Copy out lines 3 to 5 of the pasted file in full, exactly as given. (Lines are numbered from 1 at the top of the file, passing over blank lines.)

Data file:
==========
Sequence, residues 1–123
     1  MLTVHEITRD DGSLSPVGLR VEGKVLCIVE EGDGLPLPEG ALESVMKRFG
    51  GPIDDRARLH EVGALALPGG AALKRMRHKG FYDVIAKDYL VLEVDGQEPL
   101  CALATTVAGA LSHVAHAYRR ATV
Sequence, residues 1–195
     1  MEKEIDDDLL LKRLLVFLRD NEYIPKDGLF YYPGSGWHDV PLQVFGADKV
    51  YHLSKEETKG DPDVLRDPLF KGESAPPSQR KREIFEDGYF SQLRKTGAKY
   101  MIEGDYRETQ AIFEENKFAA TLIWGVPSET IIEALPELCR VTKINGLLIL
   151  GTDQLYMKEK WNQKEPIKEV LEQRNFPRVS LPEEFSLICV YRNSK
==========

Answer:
    51  GPIDDRARLH EVGALALPGG AALKRMRHKG FYDVIAKDYL VLEVDGQEPL
   101  CALATTVAGA LSHVAHAYRR ATV
Sequence, residues 1–195